Article Details

Research Database: Article Details

Citation:  Krause, J.S., & Ricks, J.M. (2012). Stability of vocational interests after recent Spinal Cord Injury: Comparisons related to sex and race. Archives of Physical Medicine and Rehabilitation, 93 (4), 588-596.
Title:  Stability of vocational interests after recent Spinal Cord Injury: Comparisons related to sex and race
Authors:  Krause, J.S., & Ricks, J.M.
Year:  2012
Journal/Publication:  Archives of Physical Medicine and Rehabilitation
Publisher:  American Congress of Rehabilitation Medicine
DOI:  https://doi.org/10.1016/j.apmr.2011.11.003
Full text:  http://www.sciencedirect.com/science/article/pii/S0003999311009555   
Peer-reviewed?  Yes
NIDILRR-funded?  Yes
Research design:  Associational research

Structured abstract:

Background:  Spinal Cord Injury (SCI) can impede the ability to perform many functions from basic lifestyle activities to employment tasks. Vocational interests are measurable using a variety of assessments. Since SCI can impede the ability to perform vocational tasks interests may change after SCI but are usually highly resistant to change. For example those with vocational interests involving physical tasks may not be able to perform those tasks after SCI. Diverse patters of interest have been observed in SCI patients of various races and sexes. There is not a longitudinal study to examine the stability of vocational interests across different races and sexes.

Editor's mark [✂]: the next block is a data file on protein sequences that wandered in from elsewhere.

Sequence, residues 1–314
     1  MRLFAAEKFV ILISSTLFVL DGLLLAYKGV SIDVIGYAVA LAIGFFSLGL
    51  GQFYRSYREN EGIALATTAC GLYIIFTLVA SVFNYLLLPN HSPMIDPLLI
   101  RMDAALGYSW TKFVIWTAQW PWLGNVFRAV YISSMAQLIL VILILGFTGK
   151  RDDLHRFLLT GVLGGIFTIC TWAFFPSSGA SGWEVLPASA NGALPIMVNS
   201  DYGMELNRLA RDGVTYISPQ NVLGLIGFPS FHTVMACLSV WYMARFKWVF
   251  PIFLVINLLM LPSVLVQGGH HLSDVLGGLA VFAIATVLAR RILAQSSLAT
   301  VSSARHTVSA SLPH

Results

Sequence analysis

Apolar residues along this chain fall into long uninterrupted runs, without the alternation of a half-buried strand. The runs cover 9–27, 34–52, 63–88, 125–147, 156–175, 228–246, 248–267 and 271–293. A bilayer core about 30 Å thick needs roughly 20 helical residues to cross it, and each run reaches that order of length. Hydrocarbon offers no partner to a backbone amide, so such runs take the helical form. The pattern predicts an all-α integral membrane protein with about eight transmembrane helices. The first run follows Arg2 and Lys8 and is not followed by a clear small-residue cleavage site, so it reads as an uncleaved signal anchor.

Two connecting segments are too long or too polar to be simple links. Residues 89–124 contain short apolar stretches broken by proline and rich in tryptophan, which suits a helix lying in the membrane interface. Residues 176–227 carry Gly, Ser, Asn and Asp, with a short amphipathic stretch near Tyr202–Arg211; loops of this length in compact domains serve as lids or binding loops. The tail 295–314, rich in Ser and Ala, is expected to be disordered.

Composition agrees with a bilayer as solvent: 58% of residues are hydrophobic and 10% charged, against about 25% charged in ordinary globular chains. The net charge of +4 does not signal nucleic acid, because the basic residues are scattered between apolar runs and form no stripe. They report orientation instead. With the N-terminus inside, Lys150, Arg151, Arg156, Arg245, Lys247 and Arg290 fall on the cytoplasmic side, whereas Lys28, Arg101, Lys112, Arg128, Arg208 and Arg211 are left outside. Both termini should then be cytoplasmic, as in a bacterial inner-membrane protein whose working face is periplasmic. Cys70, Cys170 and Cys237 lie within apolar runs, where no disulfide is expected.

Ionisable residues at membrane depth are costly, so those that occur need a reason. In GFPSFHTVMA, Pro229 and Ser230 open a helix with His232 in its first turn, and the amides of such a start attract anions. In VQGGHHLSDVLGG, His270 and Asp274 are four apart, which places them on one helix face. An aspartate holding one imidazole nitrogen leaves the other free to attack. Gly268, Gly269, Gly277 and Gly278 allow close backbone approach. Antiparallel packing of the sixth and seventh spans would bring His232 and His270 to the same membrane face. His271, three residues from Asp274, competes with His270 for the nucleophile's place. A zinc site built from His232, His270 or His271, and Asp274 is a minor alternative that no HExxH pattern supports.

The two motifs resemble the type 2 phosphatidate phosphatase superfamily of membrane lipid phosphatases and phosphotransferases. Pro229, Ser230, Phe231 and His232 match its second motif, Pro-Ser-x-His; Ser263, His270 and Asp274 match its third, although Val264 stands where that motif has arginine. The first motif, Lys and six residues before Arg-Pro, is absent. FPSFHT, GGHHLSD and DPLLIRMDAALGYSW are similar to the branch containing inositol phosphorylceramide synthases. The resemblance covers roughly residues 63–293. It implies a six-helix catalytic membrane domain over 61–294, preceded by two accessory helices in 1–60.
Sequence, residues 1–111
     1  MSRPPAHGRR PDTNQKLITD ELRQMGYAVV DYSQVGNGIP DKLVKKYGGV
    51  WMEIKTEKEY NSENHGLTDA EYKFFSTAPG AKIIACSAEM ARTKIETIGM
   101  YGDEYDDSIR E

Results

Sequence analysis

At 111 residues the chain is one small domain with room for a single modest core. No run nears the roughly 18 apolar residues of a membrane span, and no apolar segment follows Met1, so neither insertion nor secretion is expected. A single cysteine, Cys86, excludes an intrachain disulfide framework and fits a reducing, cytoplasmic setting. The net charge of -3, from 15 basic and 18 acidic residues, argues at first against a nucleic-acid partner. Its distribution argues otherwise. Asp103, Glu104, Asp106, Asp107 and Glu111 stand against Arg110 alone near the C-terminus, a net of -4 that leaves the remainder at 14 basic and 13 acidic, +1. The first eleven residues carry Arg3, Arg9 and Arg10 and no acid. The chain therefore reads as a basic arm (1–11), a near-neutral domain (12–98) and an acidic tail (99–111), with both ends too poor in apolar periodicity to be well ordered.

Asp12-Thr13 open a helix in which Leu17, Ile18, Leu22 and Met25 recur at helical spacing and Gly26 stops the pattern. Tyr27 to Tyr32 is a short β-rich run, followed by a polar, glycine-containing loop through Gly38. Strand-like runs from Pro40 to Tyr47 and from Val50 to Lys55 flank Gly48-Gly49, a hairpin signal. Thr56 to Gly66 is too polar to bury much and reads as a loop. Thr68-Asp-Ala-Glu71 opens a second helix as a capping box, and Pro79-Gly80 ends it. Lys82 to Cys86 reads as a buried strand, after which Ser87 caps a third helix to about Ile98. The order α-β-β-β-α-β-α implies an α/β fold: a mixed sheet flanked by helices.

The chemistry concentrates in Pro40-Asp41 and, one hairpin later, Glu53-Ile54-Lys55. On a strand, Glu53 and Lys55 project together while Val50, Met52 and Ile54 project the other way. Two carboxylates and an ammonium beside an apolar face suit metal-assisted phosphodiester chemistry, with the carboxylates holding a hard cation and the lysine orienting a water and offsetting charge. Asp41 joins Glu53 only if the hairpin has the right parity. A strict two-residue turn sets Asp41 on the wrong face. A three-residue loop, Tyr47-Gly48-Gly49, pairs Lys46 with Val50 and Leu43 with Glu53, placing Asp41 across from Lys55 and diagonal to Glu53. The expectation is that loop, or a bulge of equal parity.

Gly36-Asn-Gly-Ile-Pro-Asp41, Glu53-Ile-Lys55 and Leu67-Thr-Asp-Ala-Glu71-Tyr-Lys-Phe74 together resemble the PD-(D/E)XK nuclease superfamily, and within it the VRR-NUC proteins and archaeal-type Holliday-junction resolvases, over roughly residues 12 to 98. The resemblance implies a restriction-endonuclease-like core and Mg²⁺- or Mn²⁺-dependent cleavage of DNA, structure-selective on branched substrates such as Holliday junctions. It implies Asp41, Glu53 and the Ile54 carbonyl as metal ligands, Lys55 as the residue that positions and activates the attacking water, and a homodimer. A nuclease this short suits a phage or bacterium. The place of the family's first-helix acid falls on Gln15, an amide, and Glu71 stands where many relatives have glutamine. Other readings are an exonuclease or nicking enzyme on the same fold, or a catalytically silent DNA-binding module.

Purpose:  This study aims to identify the stability of vocational interests broken down across different races and sexes.
Setting:  Vocational interest data was collected at a SCI specialty hospital in the Southeastern United States
Study sample:  Participants initially enrolled between 2002 and 2006 at a SCI specialty hospital. All participants (N=304) were either white or black and of non-Hispanic origin as a condition of the study. White men numbered 55.6% of the participants, white women 27.1%, black men 18.1%, and black women 4.6%. All participants were at least 16 years of age and within their first six months of the SCI. Vocational interests of all participants were initially assessed and then assessed again an average of 785 days after the initial assessment.
Control or comparison condition:  The results of different cohort groups based on race and sex were compared.
Data collection and analysis:  Descriptive statistics were used to summarize the results of the vocational interest profiles. A repeated measures general linear model was used to analyze changes in the vocational interest profiles over time. Four cohort groups were formed based on the combination of race and sex and results were compared across the cohort groups.
Findings:  Black women showed decreases in vocational interest scores over time. Other groups showed increases in interest scores and also merged towards being more homogenous in their interests over time.
Conclusions:  Changes in vocational interest scores were related to sex and race. Additional research should focus on studying changes over a longer period of time and including more groups other than white and black non-Hispanics.

Disabilities served:  Spinal cord injury (SCI)
Populations served:  Gender: Female and Male
Race: Black / African American
Race: White / Caucasian
Ethnicity: Not Hispanic or Latino